Chemical Company Fights Ban on Its Pesticide Connected to Crop Damage

After being linked to the damage of soybean and other crops throughout the US farm belt, the herbicide dicamba is prohibited to be sprayed in Arkansas by April 15 of next year. Monsanto Co., a seller of dicamba, filed a petition requesting Arkansas officials to refuse the said date of banning the herbicide.

Discontinued use of dicamba was proposed as protection to crops that are vulnerable to the chemical. Specialists claim that the weed killers, such as dicamba, are dangerous to use because they have a tendency to vaporize and diffuse throughout the fields. Moreover, this tendency of vaporization increases with increasing ambient temperature.

Monsanto, on the other hand, claims that the proposed date “is not based on scientific data, much less on any scientific consensus” on crop damage brought about by dicamba. The company also questioned the objectivity of the weed specialists Jason Norsworthy and Ford Baldwin, who encouraged the prohibition of dicamba use. It further claimed and submitted an affidavit that Baldwin is a consultant for Bayer Corp Science, who in turn manufactures a competing herbicide called glufosinate.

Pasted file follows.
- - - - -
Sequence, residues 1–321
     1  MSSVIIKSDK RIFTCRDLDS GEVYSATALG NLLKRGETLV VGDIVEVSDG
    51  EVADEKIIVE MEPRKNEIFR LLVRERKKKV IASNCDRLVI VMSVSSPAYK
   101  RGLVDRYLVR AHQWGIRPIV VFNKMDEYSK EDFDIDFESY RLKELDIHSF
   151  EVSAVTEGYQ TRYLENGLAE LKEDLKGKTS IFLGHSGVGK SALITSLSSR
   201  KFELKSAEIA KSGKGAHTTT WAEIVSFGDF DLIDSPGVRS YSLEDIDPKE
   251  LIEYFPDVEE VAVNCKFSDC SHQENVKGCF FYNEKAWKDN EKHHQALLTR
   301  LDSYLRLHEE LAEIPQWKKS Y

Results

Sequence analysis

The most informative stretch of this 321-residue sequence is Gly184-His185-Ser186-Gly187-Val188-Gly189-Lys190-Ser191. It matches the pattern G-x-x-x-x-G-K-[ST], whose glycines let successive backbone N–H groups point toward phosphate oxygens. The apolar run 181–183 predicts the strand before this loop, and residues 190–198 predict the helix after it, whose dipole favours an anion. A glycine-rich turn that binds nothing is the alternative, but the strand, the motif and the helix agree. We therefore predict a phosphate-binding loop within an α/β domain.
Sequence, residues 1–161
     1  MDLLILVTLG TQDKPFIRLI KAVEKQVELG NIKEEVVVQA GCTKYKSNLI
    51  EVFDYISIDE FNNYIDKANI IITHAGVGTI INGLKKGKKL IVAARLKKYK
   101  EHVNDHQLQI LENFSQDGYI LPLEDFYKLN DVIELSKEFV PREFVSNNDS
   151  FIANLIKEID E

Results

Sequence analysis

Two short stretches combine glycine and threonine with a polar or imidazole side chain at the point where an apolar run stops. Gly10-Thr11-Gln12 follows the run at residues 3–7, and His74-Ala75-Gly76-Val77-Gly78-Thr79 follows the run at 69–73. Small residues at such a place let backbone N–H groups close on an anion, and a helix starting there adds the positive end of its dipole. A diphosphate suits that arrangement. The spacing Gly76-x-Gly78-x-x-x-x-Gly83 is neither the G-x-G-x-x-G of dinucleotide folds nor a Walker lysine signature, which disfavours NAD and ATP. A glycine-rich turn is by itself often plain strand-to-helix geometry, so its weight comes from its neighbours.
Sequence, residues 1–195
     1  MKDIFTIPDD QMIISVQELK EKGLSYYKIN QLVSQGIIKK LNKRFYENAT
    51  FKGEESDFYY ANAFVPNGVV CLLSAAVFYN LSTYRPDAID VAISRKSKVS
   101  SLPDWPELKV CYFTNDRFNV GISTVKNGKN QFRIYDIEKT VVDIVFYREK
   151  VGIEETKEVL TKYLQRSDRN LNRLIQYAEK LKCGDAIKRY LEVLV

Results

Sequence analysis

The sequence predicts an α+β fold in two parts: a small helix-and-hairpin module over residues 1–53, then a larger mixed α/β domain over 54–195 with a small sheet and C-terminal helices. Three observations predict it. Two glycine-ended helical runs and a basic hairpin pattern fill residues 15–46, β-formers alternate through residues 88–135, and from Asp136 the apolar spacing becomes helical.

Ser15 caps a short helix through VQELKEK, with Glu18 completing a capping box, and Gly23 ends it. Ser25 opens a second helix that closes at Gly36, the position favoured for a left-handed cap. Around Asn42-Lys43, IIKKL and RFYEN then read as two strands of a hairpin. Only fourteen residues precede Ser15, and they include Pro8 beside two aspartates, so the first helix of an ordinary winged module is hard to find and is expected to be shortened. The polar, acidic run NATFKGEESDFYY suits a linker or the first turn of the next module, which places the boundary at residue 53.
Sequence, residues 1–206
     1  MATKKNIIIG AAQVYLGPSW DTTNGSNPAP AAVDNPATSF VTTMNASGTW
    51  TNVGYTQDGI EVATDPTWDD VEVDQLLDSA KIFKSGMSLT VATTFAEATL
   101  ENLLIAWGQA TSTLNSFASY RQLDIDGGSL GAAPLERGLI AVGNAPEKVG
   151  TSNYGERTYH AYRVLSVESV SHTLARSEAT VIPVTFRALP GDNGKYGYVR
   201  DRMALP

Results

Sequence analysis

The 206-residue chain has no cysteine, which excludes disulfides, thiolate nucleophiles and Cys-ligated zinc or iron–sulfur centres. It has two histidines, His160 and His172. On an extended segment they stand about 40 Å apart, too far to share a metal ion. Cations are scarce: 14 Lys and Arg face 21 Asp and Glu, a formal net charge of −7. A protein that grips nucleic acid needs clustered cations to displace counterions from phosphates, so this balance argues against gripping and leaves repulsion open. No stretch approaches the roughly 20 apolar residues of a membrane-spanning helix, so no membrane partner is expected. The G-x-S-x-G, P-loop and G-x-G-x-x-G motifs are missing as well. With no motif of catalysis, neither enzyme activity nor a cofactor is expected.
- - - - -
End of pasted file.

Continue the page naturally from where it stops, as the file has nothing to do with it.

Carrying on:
Bayer, who plans to acquire Monsanto, communicates with Reuters stating that Baldwin and Norsworthy “are two of the preeminent weed scientists in the country.” Bayer spokesman Jeff Donald further said, “Their voices along with other scientists are critical to ensuring sound science that supports the regulatory system.”

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